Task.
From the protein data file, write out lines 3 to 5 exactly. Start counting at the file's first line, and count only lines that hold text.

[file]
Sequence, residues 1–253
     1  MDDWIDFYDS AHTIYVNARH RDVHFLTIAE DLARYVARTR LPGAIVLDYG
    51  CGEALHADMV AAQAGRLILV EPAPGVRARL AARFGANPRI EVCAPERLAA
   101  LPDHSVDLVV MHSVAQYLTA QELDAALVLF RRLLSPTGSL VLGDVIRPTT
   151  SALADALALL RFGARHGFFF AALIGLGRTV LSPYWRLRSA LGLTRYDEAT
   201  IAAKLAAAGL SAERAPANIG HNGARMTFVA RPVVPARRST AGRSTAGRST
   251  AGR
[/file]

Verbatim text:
    51  CGEALHADMV AAQAGRLILV EPAPGVRARL AARFGANPRI EVCAPERLAA
   101  LPDHSVDLVV MHSVAQYLTA QELDAALVLF RRLLSPTGSL VLGDVIRPTT
   151  SALADALALL RFGARHGFFF AALIGLGRTV LSPYWRLRSA LGLTRYDEAT